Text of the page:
Science is fiction: An animal obsession

Science is fiction. This part of the title is taken from a book* that examines the work of Jean Painlevé, a director of science documentaries who, amongst his other accomplishments, was the first to film the male sea horse in the act of giving birth.

The publication you are holding is meant to act as a book-cum-album that captures the experience of a project-experiment carried out in the Donostia-San Sebastian Aquarium, and which I’ve been working on for two years. It began with the film of the same name – also included here – built from interviews held with a disparate group of people (children, old people . . .) in two places: Bilbao and New York. They were handed a sea horse and asked to talk about it. In the film these sequences are combined with drawings and animations of sea horses.

Through this animal and the anecdote of its reproductive process, the work took shape as an audiovisual piece, along with drawings, sculptures, fetishes and books. Some of the material was displayed in showcases, in line with the idea of pedagogical organisation that lay behind the old cabinets of wonders. All these artefacts attempt to answer the need of human beings to find meanings and a connection with nature, as well as the permanent necessity to classify our knowledge.

This whole emotional scenario – proceeding from contemplation and study of this animal – is exhibited in an aquarium, a suitable place indeed and one that is conceptually coherent with the proposal.

The expression of a project from the scientific field and its connection with artistic practice made it possible to interconnect, either metaphorically or through relation, areas such as anthropology, gender, education, popular science and many other fields. From the outset one was drawn by the idea of expanding, via this peculiar and striking creature, a choral ensemble that would be understood as an emotional birth or delivery.

The formats employed seek to foster a dialogue and provide an interesting contextualisation for the project. In short, it seems fitting to use an animal, the sea horse, as an icon for furnishing access to different areas of knowledge, and that these should be staged inside the aquarium space; furthermore, this occurs following a novel exhibition premise and not a classical temporary exhibition format, for the work is incorporated within various museum showcases as well as in aquariums and other spaces. So the project becomes an open dialogue more subtle than a mere chain of objects shown in a single space.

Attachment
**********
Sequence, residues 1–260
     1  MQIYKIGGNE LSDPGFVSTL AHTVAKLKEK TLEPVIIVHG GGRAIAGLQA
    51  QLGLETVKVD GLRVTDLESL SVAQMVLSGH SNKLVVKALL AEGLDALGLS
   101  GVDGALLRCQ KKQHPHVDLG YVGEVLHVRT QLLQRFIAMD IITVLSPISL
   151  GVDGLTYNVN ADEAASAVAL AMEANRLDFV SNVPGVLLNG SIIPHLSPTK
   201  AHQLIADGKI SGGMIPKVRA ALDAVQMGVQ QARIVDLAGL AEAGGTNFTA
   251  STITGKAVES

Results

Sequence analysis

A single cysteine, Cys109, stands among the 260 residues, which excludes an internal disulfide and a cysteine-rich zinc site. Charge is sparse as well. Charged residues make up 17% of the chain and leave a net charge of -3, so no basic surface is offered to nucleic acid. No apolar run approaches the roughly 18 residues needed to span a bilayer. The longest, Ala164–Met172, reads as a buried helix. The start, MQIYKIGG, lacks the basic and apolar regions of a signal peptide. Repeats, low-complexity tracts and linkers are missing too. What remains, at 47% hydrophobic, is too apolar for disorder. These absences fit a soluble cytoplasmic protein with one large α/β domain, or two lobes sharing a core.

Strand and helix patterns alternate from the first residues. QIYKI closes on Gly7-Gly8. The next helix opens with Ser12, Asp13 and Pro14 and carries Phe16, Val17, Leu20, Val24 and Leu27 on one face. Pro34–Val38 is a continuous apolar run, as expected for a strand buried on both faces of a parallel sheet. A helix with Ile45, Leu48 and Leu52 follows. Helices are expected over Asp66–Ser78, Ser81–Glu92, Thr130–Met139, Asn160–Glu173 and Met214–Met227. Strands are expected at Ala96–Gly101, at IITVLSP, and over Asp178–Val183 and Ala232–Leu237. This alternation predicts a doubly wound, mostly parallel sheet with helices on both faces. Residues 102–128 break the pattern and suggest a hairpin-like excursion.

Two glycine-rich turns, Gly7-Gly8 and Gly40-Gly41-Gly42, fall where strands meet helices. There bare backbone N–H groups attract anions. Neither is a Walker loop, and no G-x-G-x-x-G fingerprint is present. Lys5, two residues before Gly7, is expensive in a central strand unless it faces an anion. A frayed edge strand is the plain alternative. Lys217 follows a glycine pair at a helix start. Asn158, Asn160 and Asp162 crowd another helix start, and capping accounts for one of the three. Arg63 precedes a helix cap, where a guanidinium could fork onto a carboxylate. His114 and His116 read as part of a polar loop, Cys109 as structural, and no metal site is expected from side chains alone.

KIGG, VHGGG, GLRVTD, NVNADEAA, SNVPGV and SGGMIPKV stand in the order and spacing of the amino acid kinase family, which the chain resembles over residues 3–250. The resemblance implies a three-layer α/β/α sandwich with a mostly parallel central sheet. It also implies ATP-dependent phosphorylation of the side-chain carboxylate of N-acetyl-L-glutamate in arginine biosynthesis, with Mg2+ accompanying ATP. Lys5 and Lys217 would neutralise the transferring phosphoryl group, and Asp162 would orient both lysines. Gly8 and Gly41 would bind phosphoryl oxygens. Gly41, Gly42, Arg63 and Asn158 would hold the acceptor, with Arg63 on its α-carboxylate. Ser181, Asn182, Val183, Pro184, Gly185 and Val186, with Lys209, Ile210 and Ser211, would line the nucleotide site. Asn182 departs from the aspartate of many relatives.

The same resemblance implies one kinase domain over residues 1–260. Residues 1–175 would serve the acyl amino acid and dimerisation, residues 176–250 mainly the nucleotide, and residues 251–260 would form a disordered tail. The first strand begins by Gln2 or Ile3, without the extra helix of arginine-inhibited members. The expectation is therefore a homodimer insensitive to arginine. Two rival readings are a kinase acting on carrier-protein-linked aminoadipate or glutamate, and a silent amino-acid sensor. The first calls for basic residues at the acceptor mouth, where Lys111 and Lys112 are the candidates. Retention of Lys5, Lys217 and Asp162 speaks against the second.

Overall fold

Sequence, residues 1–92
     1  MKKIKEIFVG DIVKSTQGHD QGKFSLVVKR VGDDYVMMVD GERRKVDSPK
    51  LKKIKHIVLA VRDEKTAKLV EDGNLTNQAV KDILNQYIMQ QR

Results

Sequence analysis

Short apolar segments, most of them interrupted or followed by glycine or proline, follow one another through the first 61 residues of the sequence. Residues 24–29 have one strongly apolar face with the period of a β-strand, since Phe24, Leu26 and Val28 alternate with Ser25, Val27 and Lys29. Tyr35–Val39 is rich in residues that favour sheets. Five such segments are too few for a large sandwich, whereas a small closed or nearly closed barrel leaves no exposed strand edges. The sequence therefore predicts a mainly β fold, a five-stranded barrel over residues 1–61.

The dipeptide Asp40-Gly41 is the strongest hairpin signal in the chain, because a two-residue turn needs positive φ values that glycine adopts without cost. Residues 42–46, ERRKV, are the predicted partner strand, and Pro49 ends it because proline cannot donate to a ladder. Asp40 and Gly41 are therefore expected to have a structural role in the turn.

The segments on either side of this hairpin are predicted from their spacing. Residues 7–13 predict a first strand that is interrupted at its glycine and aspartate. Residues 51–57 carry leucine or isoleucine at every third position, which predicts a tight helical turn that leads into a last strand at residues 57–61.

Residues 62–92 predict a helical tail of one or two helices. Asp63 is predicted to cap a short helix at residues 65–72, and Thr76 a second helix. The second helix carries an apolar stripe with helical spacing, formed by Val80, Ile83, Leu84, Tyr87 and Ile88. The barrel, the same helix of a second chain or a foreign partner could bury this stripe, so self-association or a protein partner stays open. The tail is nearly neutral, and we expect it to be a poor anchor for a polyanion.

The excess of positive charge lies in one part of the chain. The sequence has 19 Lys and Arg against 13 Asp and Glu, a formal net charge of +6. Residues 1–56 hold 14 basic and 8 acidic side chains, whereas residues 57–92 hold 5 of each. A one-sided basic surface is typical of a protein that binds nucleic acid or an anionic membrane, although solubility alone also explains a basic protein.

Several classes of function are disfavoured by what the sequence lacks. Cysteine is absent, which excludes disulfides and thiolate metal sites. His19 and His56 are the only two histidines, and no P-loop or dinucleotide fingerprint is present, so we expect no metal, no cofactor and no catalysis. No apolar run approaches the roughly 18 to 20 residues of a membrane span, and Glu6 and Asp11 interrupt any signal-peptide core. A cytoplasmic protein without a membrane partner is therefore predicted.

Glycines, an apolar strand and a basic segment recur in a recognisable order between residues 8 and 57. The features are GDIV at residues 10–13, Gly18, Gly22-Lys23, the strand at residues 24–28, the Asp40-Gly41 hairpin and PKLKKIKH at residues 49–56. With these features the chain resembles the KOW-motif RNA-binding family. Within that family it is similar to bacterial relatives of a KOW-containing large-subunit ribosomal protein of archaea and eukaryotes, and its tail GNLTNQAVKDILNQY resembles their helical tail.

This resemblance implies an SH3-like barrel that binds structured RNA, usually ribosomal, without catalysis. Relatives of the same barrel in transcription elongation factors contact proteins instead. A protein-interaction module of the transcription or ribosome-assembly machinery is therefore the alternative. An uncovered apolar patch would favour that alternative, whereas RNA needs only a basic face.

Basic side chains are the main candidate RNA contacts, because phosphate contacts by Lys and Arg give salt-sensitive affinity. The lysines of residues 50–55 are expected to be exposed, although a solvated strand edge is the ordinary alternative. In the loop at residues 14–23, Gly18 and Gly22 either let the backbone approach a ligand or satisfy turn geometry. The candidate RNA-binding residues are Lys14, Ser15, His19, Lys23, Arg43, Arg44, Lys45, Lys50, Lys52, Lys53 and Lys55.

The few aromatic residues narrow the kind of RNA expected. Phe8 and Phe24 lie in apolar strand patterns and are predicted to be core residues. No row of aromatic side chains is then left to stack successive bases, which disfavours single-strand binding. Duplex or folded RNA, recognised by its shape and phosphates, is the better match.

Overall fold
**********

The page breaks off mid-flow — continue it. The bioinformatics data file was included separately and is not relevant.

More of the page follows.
WHY THE SEA HORSE?

The sea horse was chosen for a number of reasons, the foremost of which was its strange sexual role. In this species it is the male who gives birth. The animal also represents the mystery of unknown waters. Although they appear to be delicate creatures, contradictory forces are at work in them. While belonging to an imaginary linked to childhood, they have an extruded body structure, odd in its form and its functions. These forces eventually contradict any initial impression of tenderness.

The sea horse is the argument, a guiding thread to create an interactive mechanism which enables us to establish a dialogue, an experience, with the works that we encounter as we wander the Aquarium route.

The context offered by the San Sebastian Aquarium allows the artist to enrich her production through the dialectics and games that are set in play as the space is explored. It is an explosion of content, inspiration, thoughts, knowledge and feelings that come together during the course of the visit.

Science is fiction: an animal obsession takes in questions of great diversity, including the dichotomy between art and science. The areas find expression through a process of information and explanation and through reflection on the contents. Contents that germinate – in my mind and in the minds of others.

How is the world explained from the perspective of science and from that of art? How do we look at these objects if, in spite of being art, they appear within a scientific context? And how do they look at us? How do words work when they combine with images? What would the world be like if men gave birth? We are venturing into the borderland zones between fiction and the real.

Many of these themes have been implicit since their origins in the concept of ‘sea’, which takes in the unexplainable, the obscure, fears, and is a metaphor from the depths of our mind. It is no surprise that the sea aroused such great interest among the surrealists.

It is an awesome and new experience to walk a glass corridor where you see fish from below, as if they were birds. It is unreal and, within our lives, against nature. But it captures our amazement. And a state of amazement is a good starting point for understanding this work.